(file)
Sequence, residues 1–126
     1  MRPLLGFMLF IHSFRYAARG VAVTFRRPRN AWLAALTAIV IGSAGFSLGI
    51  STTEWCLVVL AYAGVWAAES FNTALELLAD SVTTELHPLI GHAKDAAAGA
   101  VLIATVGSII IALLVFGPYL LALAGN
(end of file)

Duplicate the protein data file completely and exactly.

Sequence, residues 1–126
     1  MRPLLGFMLF IHSFRYAARG VAVTFRRPRN AWLAALTAIV IGSAGFSLGI
    51  STTEWCLVVL AYAGVWAAES FNTALELLAD SVTTELHPLI GHAKDAAAGA
   101  VLIATVGSII IALLVFGPYL LALAGN